TITLE

Does spirometry predict dyspnoea in advanced cancer?

AUTHOR(S)
Heyse-Moore, L.; Beynon, T.; Ross, V.
PUB. DATE
May 2000
SOURCE
Palliative Medicine;May2000, Vol. 14 Issue 3, p189
SOURCE TYPE
Academic Journal
DOC. TYPE
Article
ABSTRACT
This study explores the similarities and differences between subjective assessments of dyspnoea and objective spirometric indices of respiratory function in advanced cancer. Of 155 patients investigated, 71 (46%) were dyspnoeic and 108 (70%) had spirometry (94 post-salbutamol). Of the 94, 84 had height and weight measured to calculate predicted spirometry. Average dyspnoea levels over 24 h were measured by patient visual analogue scales (VASMe 24). Forced expiratory volume after 1 s (FEV1) and forced vital capacity (FVC) were almost always lower than predicted, indicating frequent impaired respiratory function. Mean spirometric increase post-salbutamol was 21% for FEV1 and 12% for FVC. Correlations between VAS dyspnoea scores and spirometry were low; hence, the latter cannot be relied upon as a measure of the former. Respiratory impairment tended to be obstructive (mean FEV1/FVC = 65%).
ACCESSION #
3128681

 

Related Articles

  • Spirometry Essentials for Medical Assistants Part I: The Rationale for Testing. Schulz, Neilsen J. // Journal of Continuing Education Topics & Issues;Jan2007, Vol. 9 Issue 1, p14 

    The article provides guidelines for medical assistants to conduct spirometry tests. Spontaneous dyspnea is a symptom of disease and requires diagnosis and medical follow-up. A case is presented involving a 67-year-old patient who has both healthy heart and lungs, but has a bleeding polyp in her...

  • HANDHELD SPIROMETRY AS A TOOL FOR GATHERING QUANTITATIVE RESEARCH DATA IN LUNG CANCER. Chernecky, Cynthia; Mayfield, William; Itkin, E. Lewis // Oncology Nursing Forum;Mar2006, Vol. 33 Issue 2, p470 

    Spirometry values (FEV-1, FVC and FEV-1/FVC%) have not been successful in differentiating values from normal subjects, COPD patients and all lung cancer patients combined. No studies have used handheld spirometry, in newly diagnosed and treatment naive patients with nonsmall- cell lung cancer...

  • Magic Words for Smoking Cessation -- Your Lungs Are 10 Years Older Than You Are. Scherger, Joseph E. // Internal Medicine Alert;5/15/2008 Pharmacology Watch, Vol. 30, preceding p66 

    Synopsis: In a British study telling the patient their lung age after spirometry doubled the likelihood of their stopping smoking at one year.

  • Selection of Pulmonary Resection Procedures to Avoid Postoperative Complications. Yoshinori Nagamatsu; Kanetaka Maeshiro; Masaki Kashihara; Yasunori Iwasaki; Ichirou Shima; Hideaki Yamana; Kazuo Shirouzu // Surgery Today;Mar2007, Vol. 37 Issue 3, p202 

    AbstractPurpose??We previously found a potential predictive value in a retrospective analysis of spirometry and an expired gas analysis during the exercise. We sought to reduce postoperative cardiopulmonary complications by selecting lung tumor resection procedures based on a combination of...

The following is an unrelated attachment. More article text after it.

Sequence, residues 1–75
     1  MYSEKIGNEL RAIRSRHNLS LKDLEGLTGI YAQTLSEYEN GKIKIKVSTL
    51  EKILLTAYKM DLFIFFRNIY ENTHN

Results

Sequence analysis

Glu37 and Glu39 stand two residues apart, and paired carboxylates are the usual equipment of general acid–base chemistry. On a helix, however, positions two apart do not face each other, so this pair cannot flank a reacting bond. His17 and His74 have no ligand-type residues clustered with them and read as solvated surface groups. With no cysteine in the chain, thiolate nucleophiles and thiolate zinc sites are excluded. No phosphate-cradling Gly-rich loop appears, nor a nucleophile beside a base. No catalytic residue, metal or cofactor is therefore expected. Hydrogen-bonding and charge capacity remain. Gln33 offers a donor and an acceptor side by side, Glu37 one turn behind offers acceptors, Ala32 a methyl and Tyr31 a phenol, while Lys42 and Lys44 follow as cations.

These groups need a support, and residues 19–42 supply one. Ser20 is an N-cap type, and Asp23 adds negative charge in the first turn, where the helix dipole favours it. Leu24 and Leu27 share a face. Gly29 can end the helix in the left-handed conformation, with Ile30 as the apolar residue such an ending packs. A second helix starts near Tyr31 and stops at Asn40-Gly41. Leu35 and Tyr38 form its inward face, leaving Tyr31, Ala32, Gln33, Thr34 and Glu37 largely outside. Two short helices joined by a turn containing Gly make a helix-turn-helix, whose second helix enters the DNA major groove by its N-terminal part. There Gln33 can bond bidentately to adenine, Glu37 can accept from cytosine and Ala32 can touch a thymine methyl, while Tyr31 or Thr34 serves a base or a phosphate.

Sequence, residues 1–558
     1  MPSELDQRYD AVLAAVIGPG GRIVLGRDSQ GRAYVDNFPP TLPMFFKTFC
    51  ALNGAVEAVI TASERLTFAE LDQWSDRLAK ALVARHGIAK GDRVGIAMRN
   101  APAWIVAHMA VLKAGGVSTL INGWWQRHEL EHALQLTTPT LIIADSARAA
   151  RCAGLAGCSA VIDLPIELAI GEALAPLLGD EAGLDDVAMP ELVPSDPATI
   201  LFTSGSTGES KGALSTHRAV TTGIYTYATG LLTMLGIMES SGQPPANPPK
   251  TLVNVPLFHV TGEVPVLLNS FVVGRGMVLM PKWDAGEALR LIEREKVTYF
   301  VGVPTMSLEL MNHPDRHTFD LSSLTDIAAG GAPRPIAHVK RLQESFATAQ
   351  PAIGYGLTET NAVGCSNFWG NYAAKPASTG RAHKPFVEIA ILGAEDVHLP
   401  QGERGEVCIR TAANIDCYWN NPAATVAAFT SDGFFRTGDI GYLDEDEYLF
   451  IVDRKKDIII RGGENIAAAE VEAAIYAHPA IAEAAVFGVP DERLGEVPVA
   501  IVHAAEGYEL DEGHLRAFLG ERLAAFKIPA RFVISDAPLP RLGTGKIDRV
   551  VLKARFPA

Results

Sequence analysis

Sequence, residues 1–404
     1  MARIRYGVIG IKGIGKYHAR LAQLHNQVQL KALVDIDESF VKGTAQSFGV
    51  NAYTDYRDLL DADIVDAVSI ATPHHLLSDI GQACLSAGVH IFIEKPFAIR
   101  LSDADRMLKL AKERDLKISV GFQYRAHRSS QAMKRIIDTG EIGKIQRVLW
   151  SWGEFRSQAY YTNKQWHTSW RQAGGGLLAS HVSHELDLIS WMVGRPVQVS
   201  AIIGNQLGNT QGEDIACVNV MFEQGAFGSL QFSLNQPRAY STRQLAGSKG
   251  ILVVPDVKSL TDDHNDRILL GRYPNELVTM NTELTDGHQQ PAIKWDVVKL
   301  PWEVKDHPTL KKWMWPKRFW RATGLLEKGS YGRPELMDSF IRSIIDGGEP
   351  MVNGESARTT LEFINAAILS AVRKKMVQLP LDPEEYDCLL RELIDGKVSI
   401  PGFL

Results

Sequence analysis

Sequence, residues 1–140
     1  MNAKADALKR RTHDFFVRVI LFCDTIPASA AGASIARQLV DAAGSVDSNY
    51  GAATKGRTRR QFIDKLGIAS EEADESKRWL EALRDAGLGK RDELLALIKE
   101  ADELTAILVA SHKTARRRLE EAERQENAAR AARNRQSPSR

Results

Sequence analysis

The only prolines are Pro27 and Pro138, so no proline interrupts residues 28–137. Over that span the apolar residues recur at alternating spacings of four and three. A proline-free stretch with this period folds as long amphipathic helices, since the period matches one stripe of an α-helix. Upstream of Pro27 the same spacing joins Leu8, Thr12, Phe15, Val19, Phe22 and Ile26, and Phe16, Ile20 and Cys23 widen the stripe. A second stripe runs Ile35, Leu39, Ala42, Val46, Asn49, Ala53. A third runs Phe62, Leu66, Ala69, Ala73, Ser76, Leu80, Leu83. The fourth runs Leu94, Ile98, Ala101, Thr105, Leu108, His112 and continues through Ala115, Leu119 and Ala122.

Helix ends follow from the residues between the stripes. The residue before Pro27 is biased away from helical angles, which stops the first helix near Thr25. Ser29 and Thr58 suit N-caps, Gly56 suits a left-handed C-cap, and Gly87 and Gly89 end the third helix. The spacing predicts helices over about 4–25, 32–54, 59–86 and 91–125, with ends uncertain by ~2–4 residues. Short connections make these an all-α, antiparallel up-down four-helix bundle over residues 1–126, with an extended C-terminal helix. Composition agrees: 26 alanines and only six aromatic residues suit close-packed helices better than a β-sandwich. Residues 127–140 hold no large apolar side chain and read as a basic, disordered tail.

• The Value of Spirometry in Clinical Practice Part 1. Martin, Lawrence // RT: The Journal for Respiratory Care Practitioners;Jun2010, Vol. 23 Issue 6, p14 

    The article presents the author's views on the value of spirometry as one of the fundamental tests in clinical medicine. He focuses on the four principal uses of spirometry which are to help in the diagnosis of patients who complain of dyspnea or chronic cough, differentiate asthma and chronic...

  • Improved prediction of COPD in at-risk patients using lung function pre-screening in primary care: a real-life study and cost-effectiveness analysis. Thorn, Jörgen; Tilling, Björn; Lisspers, Karin; Jörgensen, Leif; Stenling, Anna; Stratelis, Georgios // Primary Care Respiratory Journal;Jun2012, Vol. 21 Issue 2, p159 

    Background: The importance of identifying chronic obstructive pulmonary disease (COPD) at an early stage is recognised. Improved and easily accessible identification of individuals at risk of COPD in primary care is needed to select patients for spirometry more accurately. Aims: To explore...

  • Spirometric Correlates of Dyspnea Improvement Among Emergency Department Patients With Chronic Obstructive Pulmonary Disease Exacerbation. Camargo Jr, Carlos A.; Chu-Lin Tsai; Clark, Sunday; Kenney, Patrick A.; Radeos, Michael S. // Respiratory Care;Jul2008, Vol. 53 Issue 7, p892 

    OBJECTIVE: To examine whether change in slow vital capacity (SVC) correlates to dyspnea improvement during emergency department (ED) treatment of chronic obstructive pulmonary disease (COPD) exacerbation. METHODS: We performed a prospective cohort study and enrolled consecutive patients during a...

  • COPD 'spippery slope' slowed by long-acting β2-agonists. Finch, Rob // Pulse;6/14/2004, Vol. 64 Issue 24, p16 

    Reports that patients with chronic obstructive pulmonary disease (COPD) can benefit from long-acting beta-2-agonists, even when their lung function appears to have declined irreversibly, according to research by William Man and colleagues at King's College Hospital in London, England. Reduction...

  • Smoking History and Bronchitis Symptoms Should Prompt a Spirometry Test for COPD. Marshall, Adriene // Pulmonary Reviews;Dec2008, Vol. 13 Issue 12, p1 

    The article focuses on a study which found that more than 25% of primary care patients with symptoms of chronic bronchitis and a long-standing history of smoking had undiagnosed chronic obstructive pulmonary disease (COPD). It was also found that 47% of study participants reported having slight...

Share

Read the Article

Courtesy of THE LIBRARY OF VIRGINIA

Sorry, but this item is not currently available from your library.

Try another library?
Sign out of this library

Other Topics